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How to Put On and Remove Tire Chains for Snow

February 6, 2017

With many different snow chains and cables out on the market, it can be difficult to figure out which ones are right for your vehicle, if your vehicle actually needs them, and/or how to install them correctly. One of the most common options for passenger vehicles is traction cables, which RepairPal KB installs on a 2003 Honda Civic in the video below.

RepairPal recommends that you practice the installation and removal of snow chains or traction cables before you need to install them. Practice installation in a safe place, with your flashers on, and fully away from moving traffic.

Do I need snow chains or cables for all four tires?

You'll see in the video that RepairPal KB has traction cables for her FWD 2003 Honda Civic, therefore she installs the traction cables on the front two tires. It's important to know whether your vehicle is front-wheel drive (FWD), rear-wheel drive (RWD), or all-wheel drive (AWD), or four-wheel drive (4WD). This will determine if snow chains or cables are needed and which set of tires they must be installed on, since they must be installed on the drive wheels.

Do I need chains if I have four-wheel drive or all-wheel drive?

The short answer is yes. Even if you have four-wheel drive on your vehicle, if you're entering a snow chain requirement area, you're required to have a set with you. In some circumstances, you will be required to have them on your vehicle with absolutely no exceptions. In general, it's safer to travel with a set of chains or cables than without.

Do I need chains if I have snow tires or winter tires?

The same rules apply as above with 4WD and AWD — yes, although you might not have to put them on. If you're entering a snow chain requirement area, you need to have a set with you. 

What size chains or cables should I purchase?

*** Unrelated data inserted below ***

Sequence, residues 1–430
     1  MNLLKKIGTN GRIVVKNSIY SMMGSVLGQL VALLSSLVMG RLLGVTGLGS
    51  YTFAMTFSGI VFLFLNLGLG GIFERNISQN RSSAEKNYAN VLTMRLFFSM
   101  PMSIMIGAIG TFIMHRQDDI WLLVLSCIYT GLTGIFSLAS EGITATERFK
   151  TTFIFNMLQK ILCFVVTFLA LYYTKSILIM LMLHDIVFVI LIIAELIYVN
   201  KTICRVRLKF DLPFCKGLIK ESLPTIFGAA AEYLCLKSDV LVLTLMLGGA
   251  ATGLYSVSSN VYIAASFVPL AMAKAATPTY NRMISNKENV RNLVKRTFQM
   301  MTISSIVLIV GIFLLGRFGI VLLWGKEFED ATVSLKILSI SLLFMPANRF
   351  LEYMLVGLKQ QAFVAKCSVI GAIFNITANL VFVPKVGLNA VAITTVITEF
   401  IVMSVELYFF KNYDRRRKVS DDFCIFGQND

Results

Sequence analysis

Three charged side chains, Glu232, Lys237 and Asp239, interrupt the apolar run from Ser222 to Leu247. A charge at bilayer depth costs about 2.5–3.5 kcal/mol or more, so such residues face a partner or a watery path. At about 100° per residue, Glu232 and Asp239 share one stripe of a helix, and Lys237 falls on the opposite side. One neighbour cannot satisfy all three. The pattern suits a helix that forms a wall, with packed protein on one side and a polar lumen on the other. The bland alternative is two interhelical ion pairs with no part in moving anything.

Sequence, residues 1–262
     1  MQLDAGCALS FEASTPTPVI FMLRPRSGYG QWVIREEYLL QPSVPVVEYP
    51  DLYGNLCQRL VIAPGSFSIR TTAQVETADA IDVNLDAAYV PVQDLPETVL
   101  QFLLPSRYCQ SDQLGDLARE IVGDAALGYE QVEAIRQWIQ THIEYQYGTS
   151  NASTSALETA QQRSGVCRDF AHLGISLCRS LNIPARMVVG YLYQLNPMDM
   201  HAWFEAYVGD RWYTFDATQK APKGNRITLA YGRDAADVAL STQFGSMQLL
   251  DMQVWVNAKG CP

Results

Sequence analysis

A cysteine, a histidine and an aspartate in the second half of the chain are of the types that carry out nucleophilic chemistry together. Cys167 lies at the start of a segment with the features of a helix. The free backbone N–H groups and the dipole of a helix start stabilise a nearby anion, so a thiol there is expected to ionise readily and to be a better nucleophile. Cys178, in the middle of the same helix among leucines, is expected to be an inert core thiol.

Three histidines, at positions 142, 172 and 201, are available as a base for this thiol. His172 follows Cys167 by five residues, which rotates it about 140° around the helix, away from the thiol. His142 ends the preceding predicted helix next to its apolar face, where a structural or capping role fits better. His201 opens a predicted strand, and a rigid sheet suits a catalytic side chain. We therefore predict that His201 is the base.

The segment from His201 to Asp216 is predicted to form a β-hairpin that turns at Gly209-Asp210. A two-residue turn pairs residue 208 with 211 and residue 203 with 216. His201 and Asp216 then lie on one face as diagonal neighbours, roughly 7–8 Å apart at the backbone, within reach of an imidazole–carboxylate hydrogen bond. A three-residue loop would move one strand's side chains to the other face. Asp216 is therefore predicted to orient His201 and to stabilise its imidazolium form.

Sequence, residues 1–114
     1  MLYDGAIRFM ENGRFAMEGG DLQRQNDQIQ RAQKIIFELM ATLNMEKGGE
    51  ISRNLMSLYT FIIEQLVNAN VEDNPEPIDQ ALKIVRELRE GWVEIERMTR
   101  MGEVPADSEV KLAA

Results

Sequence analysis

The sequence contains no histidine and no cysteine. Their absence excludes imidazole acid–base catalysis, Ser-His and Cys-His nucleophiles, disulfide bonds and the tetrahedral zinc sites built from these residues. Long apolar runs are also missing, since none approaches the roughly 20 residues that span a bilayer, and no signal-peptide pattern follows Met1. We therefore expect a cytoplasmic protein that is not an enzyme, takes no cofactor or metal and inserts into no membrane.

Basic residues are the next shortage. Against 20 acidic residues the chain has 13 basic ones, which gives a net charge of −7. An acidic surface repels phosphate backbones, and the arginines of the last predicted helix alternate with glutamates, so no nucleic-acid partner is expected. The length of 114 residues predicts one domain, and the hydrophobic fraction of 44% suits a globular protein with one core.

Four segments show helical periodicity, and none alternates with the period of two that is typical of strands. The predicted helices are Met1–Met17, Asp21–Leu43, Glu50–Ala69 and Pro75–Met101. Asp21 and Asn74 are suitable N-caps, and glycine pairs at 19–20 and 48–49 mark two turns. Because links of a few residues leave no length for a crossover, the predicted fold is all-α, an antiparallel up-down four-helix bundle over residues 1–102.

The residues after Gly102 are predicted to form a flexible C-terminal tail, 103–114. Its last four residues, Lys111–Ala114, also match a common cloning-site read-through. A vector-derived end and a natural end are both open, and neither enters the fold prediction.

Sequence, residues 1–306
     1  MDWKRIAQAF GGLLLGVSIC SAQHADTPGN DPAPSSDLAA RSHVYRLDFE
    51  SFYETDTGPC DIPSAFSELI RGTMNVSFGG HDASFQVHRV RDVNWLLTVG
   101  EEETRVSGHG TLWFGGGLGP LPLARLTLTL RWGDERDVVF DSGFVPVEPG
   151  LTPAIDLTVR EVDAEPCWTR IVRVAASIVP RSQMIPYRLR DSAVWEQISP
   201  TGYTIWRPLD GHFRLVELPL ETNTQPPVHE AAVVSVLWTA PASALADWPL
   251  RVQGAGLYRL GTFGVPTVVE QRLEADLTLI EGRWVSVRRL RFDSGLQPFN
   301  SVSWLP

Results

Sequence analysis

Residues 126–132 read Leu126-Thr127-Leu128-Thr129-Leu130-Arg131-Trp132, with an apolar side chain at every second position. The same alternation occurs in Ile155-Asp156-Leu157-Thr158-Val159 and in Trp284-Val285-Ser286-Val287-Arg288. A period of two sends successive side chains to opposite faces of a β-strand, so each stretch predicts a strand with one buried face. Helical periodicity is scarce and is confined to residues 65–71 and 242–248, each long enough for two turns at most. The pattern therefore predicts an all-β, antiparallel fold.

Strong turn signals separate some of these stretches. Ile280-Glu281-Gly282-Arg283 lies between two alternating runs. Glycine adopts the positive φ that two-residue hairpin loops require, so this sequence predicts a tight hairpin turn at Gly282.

To figure out which chains you should purchase for your tires, verify the size of your vehicle's tires, which is printed on the side of them. You can then match it to the size of the chains you're purchasing, displayed prominently on the box.

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Which way should your chains go on the tire?

Your chains or cables may have a visible piece that says "Tire Side" or something similar, telling you which edge should be positioned facing the tire or hitting the pavement. This is visible when RepairPal KB holds up the writing facing the camera.

Also on the traction cables RepairPal KB installs, there is a visible opening, or split side, in the cable that allows her to wrap the cable around the tire, immediately showing which side should go on the front versus the backside of the tire. The cable should predominantly feature the smooth, eyelet side positioned toward the front side, or part of the tire that's facing you, with the larger clasp in the back.

How do chain requirements work? 

This depends on the requirement level and the vehicle you're driving. If you have FWD or RWD and there is a requirement for snow chains, you must install them on your vehicle. If you have 4WD or AWD, it can depend on the severity of the conditions.

Can I drive normally with snow chains on?

You'll want to read the instructions on your chains very carefully, but for the most part, you should try to accelerate and brake slowly and cautiously, while not exceeding speeds of 30 mph.

How do I remove snow chains from my vehicle?

In the video below, RepairPal KB demonstrates how to remove the traction cables that she installed, with tips for efficiency.

About the Author

Kimberlea Buczeke is an automotive expert at RepairPal, the leading online source of auto repair resources and estimates. With many ASE Master certified mechanics on staff who have decades of experience, RepairPal knows all the fine points of car repair.

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There are no lights on my dash. it runs like there is no damage except the cable is rubbing my tire.
Possibly looking for a minivan that can handle winter conditions